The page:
Launch of Wells, Graves and Statues

Any of you who follow me on twitter or Facebook  will know that Richard Scriven and I have  just finished writing  a book about pilgrimage  in Cork City called  Wells, Graves & Statues. Exploring the heritage and culture of pilgrimage in medieval and modern Cork City.



Its  been a really exciting journey, over the course of  our research we discovered a rich and complex range of pilgrimage sites within the city some of which we had not heard of before.  The pilgrim sites of Cork  stretch from medieval time down to the present with the  latest edition a labyrinth garden in the grounds of St Fin Barre’s Cathedral opening in 2015.  There is also lots of variety in the site types  that  include a  medieval cathedral, holy wells, medieval statues and graves.

The books came back from the printers last week.  There was a lot of anticipation and excitement opening the boxes , how does the book look ? will people like it?  Thankfully Richard and I were very pleased with the results. We are very thankful to all who helped us along the way, those who provided information and access to sites, commented on drafts of the book  etc.,

Our book would not have been possible without the help of  Cork City Council and  who provided funding through Cork City Council’s Heritage Publication Grant Scheme 2015. We would also like to thank Niamh Twomey the Heritage Officer, of Cork Citywho  provided great support and advice throughout this project.

On Wednesday night  our new book – Wells, Graves and Statues – was launched by the Bishop, Dr Paul Colton, in St Fin Barre’s Cathedral, Cork


St Fin Barre’s Cathedral image courtesy of Abarta Audio Guides

I can’t thank enough everyone who took the time to join us, family,  friends, history and pilgrimage enthusiasts,  some of whom traveled  from outside the county to be here. Their presence made it a wonderful event,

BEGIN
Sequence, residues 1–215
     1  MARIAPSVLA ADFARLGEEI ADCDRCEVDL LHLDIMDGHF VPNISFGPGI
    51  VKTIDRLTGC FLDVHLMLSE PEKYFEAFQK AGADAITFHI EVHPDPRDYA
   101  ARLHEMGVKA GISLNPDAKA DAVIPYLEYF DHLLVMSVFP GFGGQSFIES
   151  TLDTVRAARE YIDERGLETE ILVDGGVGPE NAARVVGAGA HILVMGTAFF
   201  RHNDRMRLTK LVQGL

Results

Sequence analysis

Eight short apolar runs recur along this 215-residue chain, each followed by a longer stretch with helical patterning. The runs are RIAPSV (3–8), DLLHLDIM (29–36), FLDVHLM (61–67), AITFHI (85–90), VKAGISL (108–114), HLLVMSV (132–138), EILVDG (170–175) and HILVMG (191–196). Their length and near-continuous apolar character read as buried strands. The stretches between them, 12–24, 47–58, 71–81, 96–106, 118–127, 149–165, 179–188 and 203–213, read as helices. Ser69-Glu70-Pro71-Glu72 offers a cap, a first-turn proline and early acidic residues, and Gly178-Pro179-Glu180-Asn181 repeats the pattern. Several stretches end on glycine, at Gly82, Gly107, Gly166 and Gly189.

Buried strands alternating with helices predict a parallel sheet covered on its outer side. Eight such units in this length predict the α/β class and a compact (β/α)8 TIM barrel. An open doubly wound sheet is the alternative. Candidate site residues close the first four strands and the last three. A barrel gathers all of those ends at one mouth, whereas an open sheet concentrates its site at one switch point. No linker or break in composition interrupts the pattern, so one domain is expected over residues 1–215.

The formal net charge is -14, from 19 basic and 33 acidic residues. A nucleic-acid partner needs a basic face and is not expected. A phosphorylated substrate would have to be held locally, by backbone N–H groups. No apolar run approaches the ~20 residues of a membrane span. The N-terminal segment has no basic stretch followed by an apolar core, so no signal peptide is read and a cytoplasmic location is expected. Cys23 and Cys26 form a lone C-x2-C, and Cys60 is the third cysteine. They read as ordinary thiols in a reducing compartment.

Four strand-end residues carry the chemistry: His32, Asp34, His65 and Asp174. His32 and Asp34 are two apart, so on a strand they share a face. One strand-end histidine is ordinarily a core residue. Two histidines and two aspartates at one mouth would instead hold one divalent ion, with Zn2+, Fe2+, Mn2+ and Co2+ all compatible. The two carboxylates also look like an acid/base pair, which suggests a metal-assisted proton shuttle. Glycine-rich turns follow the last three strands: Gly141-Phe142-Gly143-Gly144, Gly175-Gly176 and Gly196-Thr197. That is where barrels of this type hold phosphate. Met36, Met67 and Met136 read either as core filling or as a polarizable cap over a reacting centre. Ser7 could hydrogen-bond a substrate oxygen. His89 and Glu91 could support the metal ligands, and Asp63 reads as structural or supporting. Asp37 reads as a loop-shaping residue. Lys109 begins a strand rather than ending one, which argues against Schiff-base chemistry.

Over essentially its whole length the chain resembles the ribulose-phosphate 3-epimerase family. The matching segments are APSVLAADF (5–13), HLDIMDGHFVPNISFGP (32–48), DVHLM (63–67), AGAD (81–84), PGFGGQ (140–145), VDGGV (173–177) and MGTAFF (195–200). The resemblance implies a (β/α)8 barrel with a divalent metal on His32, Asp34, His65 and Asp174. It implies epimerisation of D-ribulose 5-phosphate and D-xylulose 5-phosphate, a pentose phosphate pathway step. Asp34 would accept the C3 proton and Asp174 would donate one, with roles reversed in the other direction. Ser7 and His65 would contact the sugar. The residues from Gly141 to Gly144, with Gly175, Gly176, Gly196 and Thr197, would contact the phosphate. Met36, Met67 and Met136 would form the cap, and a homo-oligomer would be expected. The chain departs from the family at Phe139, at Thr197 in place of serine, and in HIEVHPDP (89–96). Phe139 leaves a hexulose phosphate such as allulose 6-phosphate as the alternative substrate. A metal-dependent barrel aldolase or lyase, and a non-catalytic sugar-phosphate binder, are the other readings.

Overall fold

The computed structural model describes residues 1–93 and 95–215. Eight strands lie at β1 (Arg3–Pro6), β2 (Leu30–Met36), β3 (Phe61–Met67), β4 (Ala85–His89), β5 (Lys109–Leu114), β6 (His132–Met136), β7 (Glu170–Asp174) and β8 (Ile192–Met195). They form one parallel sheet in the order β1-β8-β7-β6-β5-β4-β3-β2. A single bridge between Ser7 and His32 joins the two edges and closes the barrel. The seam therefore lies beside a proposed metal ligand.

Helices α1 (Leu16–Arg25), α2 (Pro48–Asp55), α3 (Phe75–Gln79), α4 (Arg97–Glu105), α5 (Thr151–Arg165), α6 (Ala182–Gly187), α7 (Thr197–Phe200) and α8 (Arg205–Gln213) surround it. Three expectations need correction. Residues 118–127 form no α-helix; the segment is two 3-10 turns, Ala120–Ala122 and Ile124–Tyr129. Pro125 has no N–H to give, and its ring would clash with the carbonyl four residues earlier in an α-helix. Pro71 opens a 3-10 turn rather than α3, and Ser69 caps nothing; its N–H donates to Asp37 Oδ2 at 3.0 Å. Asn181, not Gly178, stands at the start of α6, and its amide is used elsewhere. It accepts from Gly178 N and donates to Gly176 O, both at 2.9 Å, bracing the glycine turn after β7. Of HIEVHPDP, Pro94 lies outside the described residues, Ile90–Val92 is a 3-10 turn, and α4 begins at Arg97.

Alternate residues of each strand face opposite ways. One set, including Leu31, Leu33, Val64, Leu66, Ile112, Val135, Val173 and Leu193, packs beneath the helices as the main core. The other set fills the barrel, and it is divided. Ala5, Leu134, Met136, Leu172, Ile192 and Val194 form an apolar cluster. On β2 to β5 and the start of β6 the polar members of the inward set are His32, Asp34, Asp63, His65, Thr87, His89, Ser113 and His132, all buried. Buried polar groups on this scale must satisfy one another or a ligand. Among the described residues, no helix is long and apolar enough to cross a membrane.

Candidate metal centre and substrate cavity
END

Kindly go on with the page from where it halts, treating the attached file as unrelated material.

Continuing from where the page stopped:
As the oldest pilgrimage site in Cork, St Fin Barre’s Cathedral was the perfect place to launch our book and we both feel very privileged and honored to have been given permission to host our launch here.   We could have not found a more splendid setting and all who attended the launch took time to explore and admire the interior of this magnificent building.

The event kicked off  with a welcome was given by the Dean of Cork, the Very Reverend Nigel Dunne.


The Very Reverend Nigel Dunne welcoming everyone to the launch.

The  book was then officially launched by Bishop Colton who gave a wonderful and entertaining speech.


Bishop Colton launching our book Wells Statues and Graves photo Neil Jackman

Launching the book Bishop Colton said:

‘This is a very readable book which draws deeply on our strong sense of place, not least in Cork. It is a multi–layered, interdisciplinary book which draws on the expertise of these authors – Richard and Louise – in their respective fields of geography and history, and archaeology and Celtic civilisation. More than that, there are impulses of theology, spirituality and folklore. Above all else, the book touches on that deep–seated nerve of the human spiritual quest on our journey through life.’